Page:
What is a Stock Buyback?
Every public company has a duty to provide value to shareholders. This value can come in many forms, including through share price appreciation or the issuance of a dividend. However, sometimes the best way to return value to shareholders is through a stock buyback program. Increasingly, as companies find themselves with a surplus of funds, they’re eyeing up their own stock as a lucrative investment and, in the process, creating value for shareholders.
A stock buyback is exactly what it sounds like. Companies will announce buybacks and repurchase shares of their organization on the open market, at the current market price. It’s a move that has two outcomes for shareholders. If they sell, they do so at a premium and can cash out their gains. If they hold, they benefit from price appreciation and a reduced float.
As more and more companies use share repurchase programs to drive up the value of their stock, it’s worth looking at how these buybacks work. Here’s an overview of stock buybacks and what goes into the decision and process of repurchasing shares.
Announcing a Share Repurchase Program
Before a company can get involved with share repurchases, it needs to seek approval from the board of directors. The board will discuss and ultimately pass a motion to repurchase a set number of shares or spend a certain amount of money on the repurchase of shares. This is a “repurchase authorization.” Once approved, the company will announce its intention to buy back shares. This almost invariably has a positive impact on share price, sending it skyrocketing.
In some cases, the company may instead tender a “fixed-price offer” to repurchase shares. This process also requires board approval. Instead of purchasing shares at market price, the company instead allows current shareholders to sell their stock back to the company at a fixed price. This action typically results in less of a price pop, since the offer tendered represents the highest sale price.
Why do Stock Prices Rise After a Share Buyback?
After executing a buyback, the share price of a company rises. This happens for several reasons:
First, there are now fewer float shares available. Because the market cap of the company doesn’t change, fewer shares result in a higher per-share value. For example, if a company worth $100 million had 100,000,000 shares, each share would be worth $1. If that company authorized a buyback of 50,000,000 shares (half), its value would remain at $100 million, but its price per share would rise to $2.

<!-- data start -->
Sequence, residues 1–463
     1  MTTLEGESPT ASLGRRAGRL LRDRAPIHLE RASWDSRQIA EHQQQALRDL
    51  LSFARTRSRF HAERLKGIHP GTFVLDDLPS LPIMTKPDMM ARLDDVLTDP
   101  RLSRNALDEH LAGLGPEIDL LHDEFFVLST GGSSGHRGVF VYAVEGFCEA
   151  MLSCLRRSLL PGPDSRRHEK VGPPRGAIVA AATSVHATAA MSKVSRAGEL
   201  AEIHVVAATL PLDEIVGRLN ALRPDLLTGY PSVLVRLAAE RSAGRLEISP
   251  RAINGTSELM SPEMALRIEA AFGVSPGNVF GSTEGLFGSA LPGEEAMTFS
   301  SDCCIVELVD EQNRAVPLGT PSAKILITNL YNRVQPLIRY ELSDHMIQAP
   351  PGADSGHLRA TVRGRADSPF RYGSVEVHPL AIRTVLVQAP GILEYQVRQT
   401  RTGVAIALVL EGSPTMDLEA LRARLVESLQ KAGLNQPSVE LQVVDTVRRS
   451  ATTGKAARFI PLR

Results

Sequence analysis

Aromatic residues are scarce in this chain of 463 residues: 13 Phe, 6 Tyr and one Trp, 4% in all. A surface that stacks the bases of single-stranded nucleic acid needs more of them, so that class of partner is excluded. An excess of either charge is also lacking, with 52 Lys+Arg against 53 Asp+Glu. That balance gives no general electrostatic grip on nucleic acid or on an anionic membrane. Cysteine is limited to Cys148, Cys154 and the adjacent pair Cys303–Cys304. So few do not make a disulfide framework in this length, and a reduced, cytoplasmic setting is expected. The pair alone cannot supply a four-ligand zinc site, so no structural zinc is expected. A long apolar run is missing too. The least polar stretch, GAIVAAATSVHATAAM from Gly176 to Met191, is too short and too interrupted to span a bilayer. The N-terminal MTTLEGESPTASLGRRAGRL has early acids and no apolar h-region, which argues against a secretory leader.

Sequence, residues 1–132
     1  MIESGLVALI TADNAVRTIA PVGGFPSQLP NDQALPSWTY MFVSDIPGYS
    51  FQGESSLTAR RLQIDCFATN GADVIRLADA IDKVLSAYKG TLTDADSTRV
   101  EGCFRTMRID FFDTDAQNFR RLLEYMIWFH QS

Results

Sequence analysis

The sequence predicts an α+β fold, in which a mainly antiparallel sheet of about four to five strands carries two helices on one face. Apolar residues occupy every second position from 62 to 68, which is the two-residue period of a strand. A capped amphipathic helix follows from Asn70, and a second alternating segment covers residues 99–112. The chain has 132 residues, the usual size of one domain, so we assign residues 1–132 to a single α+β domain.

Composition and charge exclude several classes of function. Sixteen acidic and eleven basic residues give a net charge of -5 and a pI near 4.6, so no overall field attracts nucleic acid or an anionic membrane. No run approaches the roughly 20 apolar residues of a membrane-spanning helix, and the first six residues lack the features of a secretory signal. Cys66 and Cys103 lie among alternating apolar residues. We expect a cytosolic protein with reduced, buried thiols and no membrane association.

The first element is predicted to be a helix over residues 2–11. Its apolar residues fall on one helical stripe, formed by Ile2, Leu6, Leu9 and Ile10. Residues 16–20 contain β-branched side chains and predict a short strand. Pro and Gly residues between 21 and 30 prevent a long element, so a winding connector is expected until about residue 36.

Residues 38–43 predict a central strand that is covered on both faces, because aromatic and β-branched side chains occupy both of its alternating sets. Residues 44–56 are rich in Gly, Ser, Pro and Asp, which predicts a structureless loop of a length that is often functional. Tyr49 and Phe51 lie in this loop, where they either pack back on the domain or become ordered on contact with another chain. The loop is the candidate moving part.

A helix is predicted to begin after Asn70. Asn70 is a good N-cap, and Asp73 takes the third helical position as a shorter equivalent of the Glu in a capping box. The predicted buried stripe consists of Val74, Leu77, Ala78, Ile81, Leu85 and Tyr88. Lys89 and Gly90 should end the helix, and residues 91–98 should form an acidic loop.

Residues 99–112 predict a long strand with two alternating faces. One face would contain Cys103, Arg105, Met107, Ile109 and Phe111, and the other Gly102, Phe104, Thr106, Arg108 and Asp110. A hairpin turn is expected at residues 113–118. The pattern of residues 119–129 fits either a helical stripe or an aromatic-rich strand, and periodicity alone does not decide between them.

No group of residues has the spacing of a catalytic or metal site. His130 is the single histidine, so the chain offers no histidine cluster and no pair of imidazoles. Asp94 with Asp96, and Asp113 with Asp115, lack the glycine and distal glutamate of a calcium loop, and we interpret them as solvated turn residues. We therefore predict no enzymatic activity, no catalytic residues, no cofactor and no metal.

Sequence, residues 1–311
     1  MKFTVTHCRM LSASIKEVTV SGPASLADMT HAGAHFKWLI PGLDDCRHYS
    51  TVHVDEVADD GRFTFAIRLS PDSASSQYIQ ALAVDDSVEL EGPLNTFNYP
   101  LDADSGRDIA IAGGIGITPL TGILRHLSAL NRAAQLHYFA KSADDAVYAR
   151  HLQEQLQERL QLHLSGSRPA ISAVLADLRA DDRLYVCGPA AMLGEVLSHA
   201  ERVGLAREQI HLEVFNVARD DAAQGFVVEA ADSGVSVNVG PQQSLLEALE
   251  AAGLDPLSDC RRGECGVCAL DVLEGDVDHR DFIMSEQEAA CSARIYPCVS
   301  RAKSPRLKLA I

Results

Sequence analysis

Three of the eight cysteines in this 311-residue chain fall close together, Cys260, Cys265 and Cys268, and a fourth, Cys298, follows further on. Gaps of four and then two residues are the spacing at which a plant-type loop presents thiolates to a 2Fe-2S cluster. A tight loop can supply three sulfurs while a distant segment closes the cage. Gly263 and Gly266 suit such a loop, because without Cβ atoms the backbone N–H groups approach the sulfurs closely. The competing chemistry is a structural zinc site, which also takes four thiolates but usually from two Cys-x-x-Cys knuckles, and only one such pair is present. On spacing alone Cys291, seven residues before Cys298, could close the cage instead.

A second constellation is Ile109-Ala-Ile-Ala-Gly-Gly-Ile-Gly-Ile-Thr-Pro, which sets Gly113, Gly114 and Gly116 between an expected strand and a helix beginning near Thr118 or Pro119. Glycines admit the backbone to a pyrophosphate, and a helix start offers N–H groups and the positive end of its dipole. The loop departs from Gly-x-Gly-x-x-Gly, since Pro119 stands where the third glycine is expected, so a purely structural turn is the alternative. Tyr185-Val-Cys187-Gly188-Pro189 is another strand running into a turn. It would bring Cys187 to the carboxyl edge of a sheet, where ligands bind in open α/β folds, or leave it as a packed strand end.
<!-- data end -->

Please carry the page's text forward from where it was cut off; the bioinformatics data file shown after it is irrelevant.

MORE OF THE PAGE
Second, fewer float shares increases demand for those that remain available. There’s less liquidity across fewer shares, thus buyers will pay higher prices to sellers to acquire them. A stock buyback program also tends to favor bullish cases, which means there’s increased demand built in. The result is fewer shares with higher demand, pushing the share price higher.
Finally, fewer shares also results in higher earnings per share as the company looks ahead. Say, for example, a company with 10,000,000 outstanding shares has expected income of $10 million. That equates to earnings-per-share (EPS) of $1. However, if the company buys back 5,000,000 shares, its EPS doubles to $2. Again, the earning power of the company doesn’t change and its return to shareholders spreads over fewer outstanding shares.
Are Stock Buybacks Good for Shareholders?
A stock buyback is often a controversial decision that has strong pros and cons, depending on your position as an investor. Typically, short-term investors tend to favor buybacks because they result in rapid price appreciation. Long-term investors typically don’t favor buybacks unless circumstances are ideal.
The Positives of Stock Buybacks
- Investors see an immediate and significant boost in share price.
- Buybacks are more tax efficient than issuing dividends as a shareholder reward.
- There’s flexibility in share buybacks when shares become treasury shares.
- Buybacks can offset share dilution as a company grows larger.
- Buybacks offer an opportunity to increase EPS for shareholders.
The Negatives of Stock Buybacks
- Buybacks are often seen as an inefficient use of cash (vs. reinvestment).
- Debt-fueled buybacks aren’t a smart way to reward shareholders.
- Buybacks can obfuscate stock-based compensation incentives for executives.
- Buybacks are often ill-timed, occurring when share prices are inflated.
- Share repurchases indicate a lack of profitable opportunities elsewhere.
Essentially, it comes down to the circumstances driving the buyback. For example, Oracle (NYSE: ORCL) found praise for its stock buyback in 2021 because it used the buyback to reduce dilution and raise its dividend 33%. Meanwhile, Meta Platforms (NASDAQ: FB) received criticism for its buybacks in 2021, largely because it didn’t disclose the amount spent and authorized the buyback on the heels of falling earnings.
Remember, companies have an obligation to return value to shareholders. A stock repurchase program needs to reflect that. If it reduces share float and results in a healthier position for the company to increase EPS, it’s likely a good decision. If investors can’t directly see how it returns value, the buyback may not go over well.
Stock Buybacks are an Opportunity
Ultimately, a stock buyback authorization is an opportunity for investors. If you’re a shareholder who believes the buyback will promote continued health and stability, hold your shares. If it seems like a lazy way to boost share prices, a buyback could be the perfect excuse to take profits. For those who aren’t shareholders, carefully consider the company’s position and how a buyback will affect its shares long-term.
Plenty of large companies explore share repurchasing as they grow and scale. While they don’t typically happen often, buybacks are an opportunity to look closer at a company and its motives, as well as its ability to reward shareholders.